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Mean Girls: Female Bullies

Help Stop Bullying Today!

Who are "mean girls"? There are countless studies of bullying and the ill effects caused by bullies but the majority of those studies focus on boys as the aggressor.

There are few studies on teenage girls and and these social attacks. When girls bully they do it in an entirely different way. Most think of bullying as physical violence along with outward taunting but girls use tactics that are less visible and rarely physical, hence the term mean girls.

A group of girls that are bullying can be hard to distinguish from a group of girls innocently standing around and gossiping. Female teenagers behave differently in social groups than boys. As they get older, their peer interactions become much less physical and more mental.

Verbal bonding by sharing stories, dreams and hopes are common among teenage girls. Because females bond differently than males, it only makes sense the way they attack will be different also.

When parents and teachers talk about the obvious signs of bullying, small tussles, name calling, stealing or damaging another child’s property, they tend to ignore equivalent female behaviors which are quite different.

Parents often fail to treat 'mean girl' behavior although it can be just as vicious to their victims.

As a way of forcing control, girl bullies will often have other children gang up on their victim. Oftentimes a bully will encourage other children to pick on the victim while they sit back and watch.

They typically will form groups that pick and choose who can participate and who will be excluded. These small groups will form partnerships with other groups in an effort to jockey for popularity and power.

Mean girls are often viewed as cruel but using normal social behavior among teenage girls.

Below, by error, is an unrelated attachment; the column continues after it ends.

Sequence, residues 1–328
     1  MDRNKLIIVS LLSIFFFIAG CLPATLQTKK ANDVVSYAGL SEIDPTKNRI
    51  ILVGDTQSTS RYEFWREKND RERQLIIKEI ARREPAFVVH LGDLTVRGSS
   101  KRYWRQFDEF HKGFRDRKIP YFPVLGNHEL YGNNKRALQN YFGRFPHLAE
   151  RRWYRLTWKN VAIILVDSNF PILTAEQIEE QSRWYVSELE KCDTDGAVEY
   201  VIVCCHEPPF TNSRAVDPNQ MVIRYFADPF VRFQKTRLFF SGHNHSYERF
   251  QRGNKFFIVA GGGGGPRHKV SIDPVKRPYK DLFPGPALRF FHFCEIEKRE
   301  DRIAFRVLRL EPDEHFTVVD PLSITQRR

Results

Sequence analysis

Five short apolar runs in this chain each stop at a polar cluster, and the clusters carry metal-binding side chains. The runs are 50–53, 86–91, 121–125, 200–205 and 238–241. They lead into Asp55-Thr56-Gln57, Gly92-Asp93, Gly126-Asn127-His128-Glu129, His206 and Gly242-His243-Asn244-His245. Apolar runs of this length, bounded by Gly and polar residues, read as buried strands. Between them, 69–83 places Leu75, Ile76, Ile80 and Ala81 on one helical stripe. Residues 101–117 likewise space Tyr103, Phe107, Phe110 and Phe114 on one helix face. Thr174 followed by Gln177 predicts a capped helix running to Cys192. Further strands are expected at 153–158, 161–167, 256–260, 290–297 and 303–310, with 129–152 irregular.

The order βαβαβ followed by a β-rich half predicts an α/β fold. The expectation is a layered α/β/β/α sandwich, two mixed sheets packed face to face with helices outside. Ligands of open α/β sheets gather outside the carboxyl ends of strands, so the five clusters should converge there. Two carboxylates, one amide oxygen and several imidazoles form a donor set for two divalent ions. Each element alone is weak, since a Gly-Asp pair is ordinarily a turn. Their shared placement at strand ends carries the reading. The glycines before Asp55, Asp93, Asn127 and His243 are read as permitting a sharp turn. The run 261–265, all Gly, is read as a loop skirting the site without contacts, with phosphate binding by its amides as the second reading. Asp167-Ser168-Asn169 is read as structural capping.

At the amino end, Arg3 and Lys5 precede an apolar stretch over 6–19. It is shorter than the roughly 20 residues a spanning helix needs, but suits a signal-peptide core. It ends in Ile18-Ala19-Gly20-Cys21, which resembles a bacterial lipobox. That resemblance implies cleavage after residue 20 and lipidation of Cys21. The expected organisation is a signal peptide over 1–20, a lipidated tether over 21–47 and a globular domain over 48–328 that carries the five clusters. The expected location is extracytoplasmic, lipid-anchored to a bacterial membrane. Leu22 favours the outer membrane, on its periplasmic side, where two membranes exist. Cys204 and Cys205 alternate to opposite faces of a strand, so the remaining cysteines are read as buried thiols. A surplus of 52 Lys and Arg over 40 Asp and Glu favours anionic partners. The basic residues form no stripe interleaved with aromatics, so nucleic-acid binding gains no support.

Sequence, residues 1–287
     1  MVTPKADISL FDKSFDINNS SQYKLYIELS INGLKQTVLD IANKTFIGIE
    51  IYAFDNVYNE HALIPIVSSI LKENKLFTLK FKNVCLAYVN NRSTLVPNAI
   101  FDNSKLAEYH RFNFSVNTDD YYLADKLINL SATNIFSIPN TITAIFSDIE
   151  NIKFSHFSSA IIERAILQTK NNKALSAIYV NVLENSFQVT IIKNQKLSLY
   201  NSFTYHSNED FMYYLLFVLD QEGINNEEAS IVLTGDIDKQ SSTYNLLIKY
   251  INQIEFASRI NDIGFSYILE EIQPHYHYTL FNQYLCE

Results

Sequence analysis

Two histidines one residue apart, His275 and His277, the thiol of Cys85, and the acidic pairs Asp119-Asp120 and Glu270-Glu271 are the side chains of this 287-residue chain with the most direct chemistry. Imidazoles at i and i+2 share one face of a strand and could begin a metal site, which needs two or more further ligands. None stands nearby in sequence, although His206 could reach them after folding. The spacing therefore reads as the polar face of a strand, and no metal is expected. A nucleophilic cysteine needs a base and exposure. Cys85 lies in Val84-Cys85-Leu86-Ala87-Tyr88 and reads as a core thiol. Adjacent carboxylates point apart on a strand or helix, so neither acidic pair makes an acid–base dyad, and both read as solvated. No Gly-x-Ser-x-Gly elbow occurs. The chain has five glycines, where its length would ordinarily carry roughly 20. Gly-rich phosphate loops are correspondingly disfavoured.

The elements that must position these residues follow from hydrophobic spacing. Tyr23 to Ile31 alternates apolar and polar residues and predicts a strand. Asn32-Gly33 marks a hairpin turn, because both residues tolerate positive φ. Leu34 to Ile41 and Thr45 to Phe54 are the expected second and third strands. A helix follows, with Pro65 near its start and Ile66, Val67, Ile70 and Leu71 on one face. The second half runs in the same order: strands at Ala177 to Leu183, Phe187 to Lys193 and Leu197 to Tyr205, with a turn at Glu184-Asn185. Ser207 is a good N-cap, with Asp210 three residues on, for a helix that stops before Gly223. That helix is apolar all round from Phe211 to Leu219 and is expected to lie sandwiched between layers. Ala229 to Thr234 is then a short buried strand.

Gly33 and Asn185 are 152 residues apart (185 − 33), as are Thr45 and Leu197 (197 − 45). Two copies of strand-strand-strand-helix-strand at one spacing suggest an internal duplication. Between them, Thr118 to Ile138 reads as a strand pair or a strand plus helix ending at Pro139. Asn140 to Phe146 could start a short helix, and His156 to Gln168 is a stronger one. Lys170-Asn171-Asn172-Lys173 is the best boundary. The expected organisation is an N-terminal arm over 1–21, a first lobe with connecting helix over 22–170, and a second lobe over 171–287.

When there are physical altercations or violence, adults are quick to intervene and punish offenders. However when these attacks are less obvious and don't include physical injuries, even adults seem at a loss for the proper response.

For this reason, when teenage girls bully, many times it goes un-addressed. Because many adults don’t ordinarily label techniques employed by girls as bullying, a victim doesn’t know who to turn to for help.

Administrators and teachers still believe not all children can be friends and the social framework of the school system really encourages the development of peer groups and supports the concept of social hierarchies.

As a result many adults are slow to recognized actions of exclusion or alienation as anything sinister. These kinds of behaviors in many cases are dismissed as the unfortunate part of social groups.

While it is perfectly normal for boys and girls to form peer groups and bond closely with friends at the exemption of others, it turns into bullying any time those groups force power over another group or individual.

Enjoying friends is one thing; having friends that make others feel they’re not good enough to be included is quite another thing. Playing the popularity game in a way that causes inadequacy or fear in other people is really a common form of attack that 'mean girls' use.

Boys aren't the only bullies, teenage girls can bully as well. Getting singled out; made fun of, ignored, or perhaps alienated is a form of this.

Getting beaten up psychologically on a regular basis really does harm to the victim. It's about time the issue was tackled for what it is; a gender difference in intimidation, but mean girls are in fact bullies nevertheless. Keeping the lines of communication open is key here.

Mean Girls

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